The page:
Vitamin B12 for Men

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Clams, oysters and other shellfish contain vitamin B-12.

Men and women alike need to receive a variety of vitamins and minerals to stay healthy. Vitamin B-12 is an important B vitamin used for numerous physiological processes. Men should carefully keep track of their daily vitamin B-12 intake to ensure they do not become deficient in this valuable nutrient. However, before taking any supplements, consult your doctor.

Purpose

Your body uses vitamin B-12 for several processes that are vital to life. Men need vitamin B-12 to produce myelin, a molecule that insulates your nerve fibers to increase the speed of neuron firing. The vitamin also promotes normal DNA creation and helps your body make new red blood cells. The presence of vitamin B-12 is also required for a number of chemical reactions involved in hormone, protein and lipid creation.

Recommended Intake

The National Institutes of Health's Office of Dietary Supplement recommends that boys from age 9 to 13 receive 1.8 mcg of vitamin B-12 per day. Men over the age of 14 need 2.4 mcg.

Sources

The primary dietary sources of vitamin B-12 are animal products, so vegetarian or vegan men should take a B vitamin supplement to receive the benefits of vitamin B-12. Good sources of vitamin B-12 include ham, herring, cooked oysters, salmon, tuna, clams and liver. If you do not get enough vitamin B-12 through your diet, look for an oral supplement that contains the recommended daily intake of the vitamin.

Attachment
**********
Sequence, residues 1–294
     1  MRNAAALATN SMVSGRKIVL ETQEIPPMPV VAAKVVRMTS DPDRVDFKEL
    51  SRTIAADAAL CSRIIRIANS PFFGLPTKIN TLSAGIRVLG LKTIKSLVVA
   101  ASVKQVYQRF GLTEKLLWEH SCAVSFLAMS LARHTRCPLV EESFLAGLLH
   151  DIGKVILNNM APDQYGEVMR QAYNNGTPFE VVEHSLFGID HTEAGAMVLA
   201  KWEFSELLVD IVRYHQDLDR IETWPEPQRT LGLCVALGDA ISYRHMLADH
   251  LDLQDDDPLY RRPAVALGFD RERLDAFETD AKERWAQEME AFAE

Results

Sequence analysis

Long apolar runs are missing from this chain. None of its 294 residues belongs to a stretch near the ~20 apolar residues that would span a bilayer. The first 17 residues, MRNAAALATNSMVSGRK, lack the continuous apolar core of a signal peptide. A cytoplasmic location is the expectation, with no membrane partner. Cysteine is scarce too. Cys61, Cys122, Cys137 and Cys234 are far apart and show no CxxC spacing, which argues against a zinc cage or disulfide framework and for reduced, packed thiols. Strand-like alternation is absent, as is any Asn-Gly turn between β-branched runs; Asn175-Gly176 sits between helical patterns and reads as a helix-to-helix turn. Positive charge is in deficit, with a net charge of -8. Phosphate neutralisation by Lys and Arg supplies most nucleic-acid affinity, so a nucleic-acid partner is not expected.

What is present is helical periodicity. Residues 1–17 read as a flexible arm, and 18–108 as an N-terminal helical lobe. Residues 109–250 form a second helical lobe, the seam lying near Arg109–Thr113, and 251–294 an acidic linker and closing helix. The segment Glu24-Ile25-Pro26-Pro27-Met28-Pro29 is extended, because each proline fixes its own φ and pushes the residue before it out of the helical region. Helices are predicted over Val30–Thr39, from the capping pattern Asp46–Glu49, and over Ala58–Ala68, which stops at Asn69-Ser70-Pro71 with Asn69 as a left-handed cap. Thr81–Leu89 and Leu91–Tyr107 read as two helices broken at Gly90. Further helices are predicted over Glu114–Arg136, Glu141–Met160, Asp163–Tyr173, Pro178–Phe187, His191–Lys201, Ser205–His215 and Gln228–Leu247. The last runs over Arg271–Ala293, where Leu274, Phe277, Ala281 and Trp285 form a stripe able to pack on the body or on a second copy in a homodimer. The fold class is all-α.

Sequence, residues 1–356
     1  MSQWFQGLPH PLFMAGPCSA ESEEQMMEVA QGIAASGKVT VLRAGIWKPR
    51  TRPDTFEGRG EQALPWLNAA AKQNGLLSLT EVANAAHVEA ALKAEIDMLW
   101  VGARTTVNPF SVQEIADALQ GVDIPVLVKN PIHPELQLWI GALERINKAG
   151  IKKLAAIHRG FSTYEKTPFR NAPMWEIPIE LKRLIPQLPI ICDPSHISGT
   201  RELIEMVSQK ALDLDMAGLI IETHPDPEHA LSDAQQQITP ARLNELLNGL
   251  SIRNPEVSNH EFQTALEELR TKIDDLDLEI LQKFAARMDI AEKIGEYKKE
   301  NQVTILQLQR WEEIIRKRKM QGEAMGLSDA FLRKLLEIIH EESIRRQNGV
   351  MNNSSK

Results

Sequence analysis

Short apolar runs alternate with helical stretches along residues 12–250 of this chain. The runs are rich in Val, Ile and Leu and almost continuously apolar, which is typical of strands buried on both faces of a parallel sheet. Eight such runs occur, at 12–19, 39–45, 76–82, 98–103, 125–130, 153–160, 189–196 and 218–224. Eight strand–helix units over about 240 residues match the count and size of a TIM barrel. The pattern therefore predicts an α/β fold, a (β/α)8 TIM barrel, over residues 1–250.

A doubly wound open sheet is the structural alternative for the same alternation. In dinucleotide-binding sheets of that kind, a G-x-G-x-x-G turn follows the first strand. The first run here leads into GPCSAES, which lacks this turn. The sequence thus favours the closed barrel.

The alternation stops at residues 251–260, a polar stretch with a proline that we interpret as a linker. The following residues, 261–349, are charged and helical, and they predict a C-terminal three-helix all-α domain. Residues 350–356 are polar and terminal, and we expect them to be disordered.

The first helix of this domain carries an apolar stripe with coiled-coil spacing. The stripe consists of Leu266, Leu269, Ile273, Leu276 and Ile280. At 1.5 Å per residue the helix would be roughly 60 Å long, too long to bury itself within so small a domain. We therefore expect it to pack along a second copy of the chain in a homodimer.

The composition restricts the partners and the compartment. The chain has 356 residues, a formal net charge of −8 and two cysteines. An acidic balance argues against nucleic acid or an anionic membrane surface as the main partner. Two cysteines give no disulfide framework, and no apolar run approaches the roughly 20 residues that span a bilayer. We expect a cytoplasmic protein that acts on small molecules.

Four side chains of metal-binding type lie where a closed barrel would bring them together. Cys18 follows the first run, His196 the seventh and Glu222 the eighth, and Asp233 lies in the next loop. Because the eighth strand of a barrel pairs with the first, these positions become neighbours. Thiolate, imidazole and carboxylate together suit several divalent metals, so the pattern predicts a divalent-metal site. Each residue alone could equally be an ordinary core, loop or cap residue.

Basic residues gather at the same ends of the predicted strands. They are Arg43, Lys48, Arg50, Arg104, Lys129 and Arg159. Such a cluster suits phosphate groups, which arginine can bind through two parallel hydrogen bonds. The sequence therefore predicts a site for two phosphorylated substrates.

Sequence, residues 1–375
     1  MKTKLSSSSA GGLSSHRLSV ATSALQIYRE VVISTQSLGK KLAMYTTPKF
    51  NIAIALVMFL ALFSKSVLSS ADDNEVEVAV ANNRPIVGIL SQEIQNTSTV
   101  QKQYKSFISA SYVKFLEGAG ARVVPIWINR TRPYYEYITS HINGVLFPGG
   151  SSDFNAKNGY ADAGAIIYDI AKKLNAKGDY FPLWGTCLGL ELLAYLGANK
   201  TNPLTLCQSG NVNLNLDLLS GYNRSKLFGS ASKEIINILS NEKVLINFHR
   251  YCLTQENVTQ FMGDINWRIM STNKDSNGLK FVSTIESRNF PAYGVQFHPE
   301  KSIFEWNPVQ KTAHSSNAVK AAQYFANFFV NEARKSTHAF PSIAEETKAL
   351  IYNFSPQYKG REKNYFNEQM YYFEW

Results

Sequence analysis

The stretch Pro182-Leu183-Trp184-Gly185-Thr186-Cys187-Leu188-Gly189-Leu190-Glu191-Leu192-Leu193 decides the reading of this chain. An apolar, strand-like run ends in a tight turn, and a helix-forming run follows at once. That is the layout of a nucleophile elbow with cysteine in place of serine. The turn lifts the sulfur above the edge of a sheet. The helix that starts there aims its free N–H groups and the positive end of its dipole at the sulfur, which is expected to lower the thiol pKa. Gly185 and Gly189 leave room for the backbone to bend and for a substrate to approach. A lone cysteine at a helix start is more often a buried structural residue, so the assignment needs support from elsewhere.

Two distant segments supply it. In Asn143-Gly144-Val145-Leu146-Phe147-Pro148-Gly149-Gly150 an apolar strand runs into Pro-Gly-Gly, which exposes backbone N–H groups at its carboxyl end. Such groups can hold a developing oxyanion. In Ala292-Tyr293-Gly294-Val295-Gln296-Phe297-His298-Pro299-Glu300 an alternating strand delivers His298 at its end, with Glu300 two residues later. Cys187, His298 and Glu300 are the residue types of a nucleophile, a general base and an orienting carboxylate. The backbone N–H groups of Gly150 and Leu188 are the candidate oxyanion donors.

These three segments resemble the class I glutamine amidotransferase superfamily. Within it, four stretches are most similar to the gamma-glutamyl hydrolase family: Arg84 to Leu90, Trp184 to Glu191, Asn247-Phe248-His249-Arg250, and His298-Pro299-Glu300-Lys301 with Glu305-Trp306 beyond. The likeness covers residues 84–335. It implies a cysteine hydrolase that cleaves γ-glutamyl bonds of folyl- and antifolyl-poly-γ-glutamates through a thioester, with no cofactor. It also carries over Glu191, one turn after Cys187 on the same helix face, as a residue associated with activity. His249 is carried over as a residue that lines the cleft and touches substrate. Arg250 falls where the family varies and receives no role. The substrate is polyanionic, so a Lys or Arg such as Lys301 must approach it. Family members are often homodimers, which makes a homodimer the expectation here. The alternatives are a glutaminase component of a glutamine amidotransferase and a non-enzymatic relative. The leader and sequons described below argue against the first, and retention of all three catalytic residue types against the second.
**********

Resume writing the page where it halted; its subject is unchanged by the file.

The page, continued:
Deficiency

Vitamin B-12 deficiency causes a variety of health problems. Because vitamin B-12 is needed for normal nerve functioning, deficiency may cause confusion, fatigue, balance problems, memory loss, poor reflexes, numbness, tingling and poor pain perception. Vitamin B-12 deficiency may also cause pernicious anemia, a problem with red blood cell production that causes a severe lack of energy. Another problem for men with vitamin B-12 deficiency is that their blood levels of homocysteine rise. Homocysteine causes blood cells to stick to the walls of your blood vessels, increasing your risk of heart attack.

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